Monday, October 19, 2015

Falling Between the Cracks - When Declaring an Identity Does More Harm than Good

While I have read Nakkula and Toshalis before, and contemplated gender in the classroom (and in my research project last year), I feel as if this time around, I am left with more questions. This book does an excellent job of breaking apart the different bits and pieces that make up a person's identity - one of the major components being societal norms and expectations, and what they mean for human beings. "The players are lost to the play itself" (Nakkula 100) seems to be a perfect analysis for what "defining gender" means for adolescents. As humans, we are all in some sense "playing a part," but, for some of us, that "part" comes more naturally than for others. Some of us don't feel the need to modify or break out of the mold that society expects us to fit into, while some can't fathom trying to fit into the mold. So what does this mean for our students? What does it mean that they are trying to define something that might not need to be defined right now? Why can't society allow children and adolescents to "try on" gender, masculinity and femininity, instead of making a definitive choice? What would that even look like/sound like/be like?

Tillett Wright is an activist, speaker, writer, photographer. In her TedxWomen talk "Fifty Shades of Gay" (which I found both captivating and fascinating), Wright brings up her childhood, and the notion that we, immediately upon meeting people, put them into "boxes" because acceptance means there is some sort of bonding going on. She then talks about how these boxes are both limiting and dangerous - and I wonder if our students feel that way when asked to try and define themselves. Perhaps we put too much emphasis on "finding oneself" or "discovering who you are" when instead we should be focused on "try it on" and "see how you feel." Most importantly, Wright talks about the support she had from her parents no matter who or what she decided to wake up and be - she "wasn't asked to define [herself] at any point, just allowed to be." She then felt this weird shift when asked to pick a side - boy or girl, gay or straight. She said she knew deep down that she was none of those things definitively, and because of that, she "fell between the cracks."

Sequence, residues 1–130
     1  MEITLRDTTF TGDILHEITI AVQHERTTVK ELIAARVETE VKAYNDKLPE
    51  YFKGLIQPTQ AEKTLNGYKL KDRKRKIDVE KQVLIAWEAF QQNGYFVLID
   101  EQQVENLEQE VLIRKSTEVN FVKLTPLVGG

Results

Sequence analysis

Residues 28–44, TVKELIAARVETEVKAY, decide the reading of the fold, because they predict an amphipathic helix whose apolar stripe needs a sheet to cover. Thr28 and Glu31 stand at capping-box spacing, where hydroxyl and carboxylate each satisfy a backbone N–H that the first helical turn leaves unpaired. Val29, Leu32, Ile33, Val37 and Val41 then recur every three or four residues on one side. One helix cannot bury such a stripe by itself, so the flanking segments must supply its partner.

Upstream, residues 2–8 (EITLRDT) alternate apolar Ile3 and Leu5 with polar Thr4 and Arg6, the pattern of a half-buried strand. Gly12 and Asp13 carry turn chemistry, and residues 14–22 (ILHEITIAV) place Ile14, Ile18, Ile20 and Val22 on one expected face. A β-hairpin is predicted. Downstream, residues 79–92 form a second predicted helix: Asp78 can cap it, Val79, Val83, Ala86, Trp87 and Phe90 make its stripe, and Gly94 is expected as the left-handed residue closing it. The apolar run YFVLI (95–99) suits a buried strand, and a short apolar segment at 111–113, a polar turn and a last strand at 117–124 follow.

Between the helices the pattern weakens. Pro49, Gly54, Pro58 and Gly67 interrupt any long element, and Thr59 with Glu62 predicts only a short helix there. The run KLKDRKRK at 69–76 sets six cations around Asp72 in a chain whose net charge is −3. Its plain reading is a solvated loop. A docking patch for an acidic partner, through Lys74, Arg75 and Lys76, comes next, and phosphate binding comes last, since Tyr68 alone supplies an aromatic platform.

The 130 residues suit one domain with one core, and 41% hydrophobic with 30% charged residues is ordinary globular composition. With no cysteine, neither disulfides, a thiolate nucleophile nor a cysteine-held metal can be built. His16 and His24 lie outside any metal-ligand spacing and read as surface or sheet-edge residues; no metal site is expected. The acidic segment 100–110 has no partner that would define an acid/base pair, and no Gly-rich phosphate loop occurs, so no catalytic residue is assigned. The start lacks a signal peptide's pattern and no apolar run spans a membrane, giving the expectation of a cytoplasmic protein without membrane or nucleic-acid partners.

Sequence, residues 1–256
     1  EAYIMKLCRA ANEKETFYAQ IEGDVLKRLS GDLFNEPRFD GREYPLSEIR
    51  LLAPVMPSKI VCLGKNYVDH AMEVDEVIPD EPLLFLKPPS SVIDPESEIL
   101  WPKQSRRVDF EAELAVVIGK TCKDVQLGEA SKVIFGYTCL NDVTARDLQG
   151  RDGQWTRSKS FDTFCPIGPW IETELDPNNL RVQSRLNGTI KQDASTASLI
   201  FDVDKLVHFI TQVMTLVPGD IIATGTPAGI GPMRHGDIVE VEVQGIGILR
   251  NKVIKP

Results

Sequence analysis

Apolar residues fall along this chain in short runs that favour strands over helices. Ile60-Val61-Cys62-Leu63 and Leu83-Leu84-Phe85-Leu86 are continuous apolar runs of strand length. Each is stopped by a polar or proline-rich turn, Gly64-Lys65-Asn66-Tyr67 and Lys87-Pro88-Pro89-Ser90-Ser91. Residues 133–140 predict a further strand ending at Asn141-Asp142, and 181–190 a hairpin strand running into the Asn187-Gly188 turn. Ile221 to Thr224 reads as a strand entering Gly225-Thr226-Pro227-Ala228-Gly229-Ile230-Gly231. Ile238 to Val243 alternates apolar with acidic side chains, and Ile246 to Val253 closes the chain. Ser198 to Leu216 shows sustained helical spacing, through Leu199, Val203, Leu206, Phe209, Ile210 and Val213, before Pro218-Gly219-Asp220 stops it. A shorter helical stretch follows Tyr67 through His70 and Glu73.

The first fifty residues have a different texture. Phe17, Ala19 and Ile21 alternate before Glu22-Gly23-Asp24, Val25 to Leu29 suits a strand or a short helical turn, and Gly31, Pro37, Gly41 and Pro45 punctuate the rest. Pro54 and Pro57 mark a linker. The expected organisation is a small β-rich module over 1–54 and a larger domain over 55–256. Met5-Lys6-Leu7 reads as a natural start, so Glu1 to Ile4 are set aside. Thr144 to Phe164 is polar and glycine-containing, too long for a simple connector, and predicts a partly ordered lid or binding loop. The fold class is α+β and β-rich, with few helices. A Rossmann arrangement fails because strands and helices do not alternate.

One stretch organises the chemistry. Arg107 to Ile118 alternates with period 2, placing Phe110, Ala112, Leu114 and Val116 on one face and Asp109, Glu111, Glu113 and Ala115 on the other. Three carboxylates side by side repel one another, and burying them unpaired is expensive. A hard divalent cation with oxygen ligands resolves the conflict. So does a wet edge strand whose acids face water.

How many of our students are "between the cracks" right now, especially at a time when labeling or defining oneself as "gay" or "transgender" can be seen as a heroic act of courage. What about those students that truly don't know what or who they are, and don't feel like they should have to decide one or the other, but are being asked to do so? I know we have talked about the genderbread person, and the masculinity/femininity spectrum....but why should our students have to pinpoint exactly where they fall? I think our fight needs to be redefined and fully understood in this way: "Gender identity work in our schools is the work of freedom fighting. It is a fight for the freeing of authentic expression, for the full presentation of all our students. It is the fight to help our students be fully present as learners, as classmates, as the people they see themselves to be" (115). 


  1. I just finished reading Melissa's blog and I think it's interesting that you both mentioned the way that gender can be limiting. And I love the way you explain, "Perhaps we put too much emphasis on "finding oneself" or "discovering who you are" when instead we should be focused on "try it on" and "see how you feel." That's a huge shift in the way that self-expression/self-esteem/etc. is typically approached. How would our roles as teachers change? What would administrators, district officials, and other educational leaders have to do to support such a philosophy? How would the public react?

  2. I agree Tina, as we have already talked about this year, labels are limiting, even if we are labeling ourselves. I like the idea of having a space where we can try on different identities and see how they feel. We can make decisions about who we are, but we do not need to "pin-point" as you (Tina) said, but that we move fluidly though our choices. How often do we even as adults make decisions based just on our OWN feelings and thoughts?

  3. Tina, yes...why do our students need to make definitive decisions about their identities when they are at a place where they are still in the process of developing their identities?? Like you say...our students should be encouraged to "try it on" in terms of gender identities and sexual orientations. Also, I like the way you use the word spectrum when you discuss masculinity and femininity because I think that word fits perfectly. Where do any of us fall on the gender spectrum and how can we get our students to begin to think in these terms??

  4. Tina,
    Nice use of blank space here, also great video. Another person who discusses issues related to Tillett is comedienne Tig Notaro, whose recent standup is entitled "Boyish Girl Interrupted," really excellent and courageous stuff. Tillett uses the word "Pundits" I think any time we are talking about pundits whether they be within the peer group or not, we are in dangerous territory. A pundit is an expert or, in this case, a self-proclaimed expert, who proffers their opinions, and they can be really dangerous. Support is much harder than finger pointing, understanding tougher than labeling. What if clothing stores were just organized by size, rather than gender? What if toy stores just had creative areas? Could we at least let our children explore, before adolescence, maybe then we might get to some really interesting questions and discussions.